Six extraordinary lots depicting a variety of Namibian scenes generated considerable buzz. Alastair Meredith, whose Cambridge University doctoral thesis focussed on earlier twentieth century South African art, introduced the lots. He explained how Pierneef’s journeys to Namibia in the 1920s helped transform his palette. Silent Sentinels, Omatako, an iconic scene featuring a silhouette of a tree against a mountainous landscape rendered in dusky pinks, sold for R1.7 million. A plein-air view of the Erongo Mountains, from Pierneef’s first visit of 1923, also went above estimate, selling for R625 900. Two exceptional drawings depicting Namibian wilderness landscapes also bested their pre-sale estimates.
Pierneef’s linocuts – an important aspect of his popular appeal during his lifetime, appearing on magazine covers and illustrating books of popular verse – also attracted considerable interest. The top linocut sold was printed in 1941 and featured a silhouette of an imperious Baobab; estimated to sell for R40 000, it attracted 36 bids and eventually sold for R432 440, a new world record for a Pierneef linocut. Other linocuts that outperformed expectations included Kruiskerk, Tulbagh from 1933, sold for R170 700; Twee Jonggezellen, Tulbagh from 1933, sold for R153 630; and an iconic view of the harbour at Hermanus, sold for R125 180.
Other notable sales achieved at IN/SIGHT: JH PIERNEEF included the R853 500 paid for the undated oil Rooiplaat, an expressive work depicting a beloved camping spot on the Pienaars River north of Pretoria; R1.9 million price paid for Landscape with Rocks and Trees from 1944; sale price of R967 300 for Landscape with Distant Mountains from 1943; and R819 360 paid for Middelfontein Mission near Nylstroom from 1941.
Collector enthusiasm for all things Pierneef extended to the small reference library of books that has grown up around the artist. The Afrikaans edition of editor PG Nel’s 1990 book of essays, JH Pierneef: Sy Lewe en Sy Werk (JH Pierneef: His Life and His Work), was the subject of intense bidding between a telephone and online bidder, and sold for a remarkable sum of R43 244. Art historian NJ Coetzee’s controversial 1992 book Pierneef, Land and Landscape: The Johannesburg Station Panels in Context achieved R21 105. A numbered edition of author and journalist JFW Grosskopf’s 1945 monograph Pierneef: Die Man en Sy Werk, signed by the artist and the author, fetched R10 553. Another edition of Grosskopf’s book sold for R8 794.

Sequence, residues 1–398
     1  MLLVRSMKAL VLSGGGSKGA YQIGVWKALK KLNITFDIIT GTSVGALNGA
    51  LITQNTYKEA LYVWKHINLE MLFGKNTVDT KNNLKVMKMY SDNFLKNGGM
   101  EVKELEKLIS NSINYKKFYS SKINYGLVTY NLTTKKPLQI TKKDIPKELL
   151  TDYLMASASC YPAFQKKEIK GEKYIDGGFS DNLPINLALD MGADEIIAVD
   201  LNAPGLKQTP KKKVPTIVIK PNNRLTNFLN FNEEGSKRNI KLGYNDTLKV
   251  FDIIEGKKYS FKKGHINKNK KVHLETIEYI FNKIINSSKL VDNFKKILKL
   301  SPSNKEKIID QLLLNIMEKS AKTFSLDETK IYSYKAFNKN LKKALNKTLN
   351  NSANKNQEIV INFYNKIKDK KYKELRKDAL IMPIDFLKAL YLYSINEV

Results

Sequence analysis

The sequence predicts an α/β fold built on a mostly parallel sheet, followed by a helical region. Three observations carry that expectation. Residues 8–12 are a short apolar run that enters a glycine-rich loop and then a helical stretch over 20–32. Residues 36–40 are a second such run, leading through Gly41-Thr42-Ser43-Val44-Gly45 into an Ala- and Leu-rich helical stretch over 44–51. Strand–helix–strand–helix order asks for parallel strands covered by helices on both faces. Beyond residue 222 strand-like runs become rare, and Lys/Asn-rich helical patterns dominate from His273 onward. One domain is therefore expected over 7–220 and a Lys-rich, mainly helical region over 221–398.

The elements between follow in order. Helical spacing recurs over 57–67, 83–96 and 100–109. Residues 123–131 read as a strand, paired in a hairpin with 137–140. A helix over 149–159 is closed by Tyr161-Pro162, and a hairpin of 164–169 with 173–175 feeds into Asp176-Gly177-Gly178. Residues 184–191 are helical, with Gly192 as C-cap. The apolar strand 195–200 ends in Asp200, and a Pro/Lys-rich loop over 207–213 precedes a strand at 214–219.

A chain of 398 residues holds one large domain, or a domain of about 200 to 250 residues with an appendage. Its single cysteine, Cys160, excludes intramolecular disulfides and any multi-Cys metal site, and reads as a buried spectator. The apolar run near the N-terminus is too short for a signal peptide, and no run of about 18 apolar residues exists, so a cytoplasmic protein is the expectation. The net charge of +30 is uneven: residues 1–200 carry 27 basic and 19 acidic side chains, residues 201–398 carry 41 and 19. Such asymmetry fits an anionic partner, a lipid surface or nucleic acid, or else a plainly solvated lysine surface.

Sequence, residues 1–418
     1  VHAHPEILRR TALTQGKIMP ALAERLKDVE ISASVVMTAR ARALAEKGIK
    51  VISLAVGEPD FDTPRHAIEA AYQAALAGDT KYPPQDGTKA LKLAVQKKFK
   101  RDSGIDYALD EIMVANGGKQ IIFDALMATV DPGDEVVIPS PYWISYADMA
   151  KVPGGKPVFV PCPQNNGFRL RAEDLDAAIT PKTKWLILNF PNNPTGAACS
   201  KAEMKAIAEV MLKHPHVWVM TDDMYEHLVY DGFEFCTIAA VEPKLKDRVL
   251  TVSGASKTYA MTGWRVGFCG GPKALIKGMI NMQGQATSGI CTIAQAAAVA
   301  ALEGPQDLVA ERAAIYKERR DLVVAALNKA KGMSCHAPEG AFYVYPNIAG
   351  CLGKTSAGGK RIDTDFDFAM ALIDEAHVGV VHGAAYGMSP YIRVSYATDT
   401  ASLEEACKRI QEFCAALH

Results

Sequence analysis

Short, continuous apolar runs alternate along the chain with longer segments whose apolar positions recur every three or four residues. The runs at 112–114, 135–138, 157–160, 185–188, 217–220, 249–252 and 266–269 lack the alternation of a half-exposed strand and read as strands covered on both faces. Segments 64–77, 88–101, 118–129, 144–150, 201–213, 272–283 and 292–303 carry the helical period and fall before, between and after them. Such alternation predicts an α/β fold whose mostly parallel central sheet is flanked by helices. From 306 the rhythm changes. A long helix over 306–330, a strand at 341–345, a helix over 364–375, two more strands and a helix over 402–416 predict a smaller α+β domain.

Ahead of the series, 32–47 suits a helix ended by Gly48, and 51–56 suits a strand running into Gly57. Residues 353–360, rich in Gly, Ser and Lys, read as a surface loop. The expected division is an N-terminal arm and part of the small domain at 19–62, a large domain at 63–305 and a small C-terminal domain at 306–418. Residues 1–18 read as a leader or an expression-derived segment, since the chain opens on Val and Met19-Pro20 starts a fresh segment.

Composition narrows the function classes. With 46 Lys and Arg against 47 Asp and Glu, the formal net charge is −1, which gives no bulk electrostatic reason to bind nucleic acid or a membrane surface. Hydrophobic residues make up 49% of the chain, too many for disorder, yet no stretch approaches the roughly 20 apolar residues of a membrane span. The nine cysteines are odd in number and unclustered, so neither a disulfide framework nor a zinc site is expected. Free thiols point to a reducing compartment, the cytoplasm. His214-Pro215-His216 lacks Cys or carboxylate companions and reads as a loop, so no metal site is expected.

“White glove sales are few and far between,” says Bina Genovese, joint managing director of Strauss & Co. “This bespoke sale, a first-of-its-kind in the secondary market for Pierneef, ticked all the boxes to achieve this incredible result. Despite the cold Johannesburg temperature, the energy was palpable. We had a diverse group of bidders – young and old, new and seasoned, South African and international – ferociously bidding to secure the works they were after, at all costs, quadrupling estimates where necessary. It was a privilege to witness this enthusiastic response, and to see Pierneef’s status so resoundingly affirmed.”
Strauss & Co’s IN/SIGHT: JH PIERNEEF was preceded on Sunday, 25 July by a successful sale of wines produced from Chardonnay and Pinot Noir, especially in the hallowed Burgundy region. The sale realised R1.3 million from 91 lots sold, with a creditable lot sell-through rate of 78%. The top-selling lot was a single bottle of the 1998 vintage Romanée-Conti, a Burgundy Grand Cru, sold for R216 220.
Strauss & Co’s next auction is a concise sale featuring the David Hall Collection of Linn Ware, a highly collectable South African pottery mark, and the Professor Leon Strydom Collection, which includes exceptional paintings by Dorothy Kay, Maggie Laubser, Stanley Pinker, Alexis Preller and Irma Stern, due to be held on Tuesday, 10 August 2021, over 4 sessions, beginning at 11.00 am.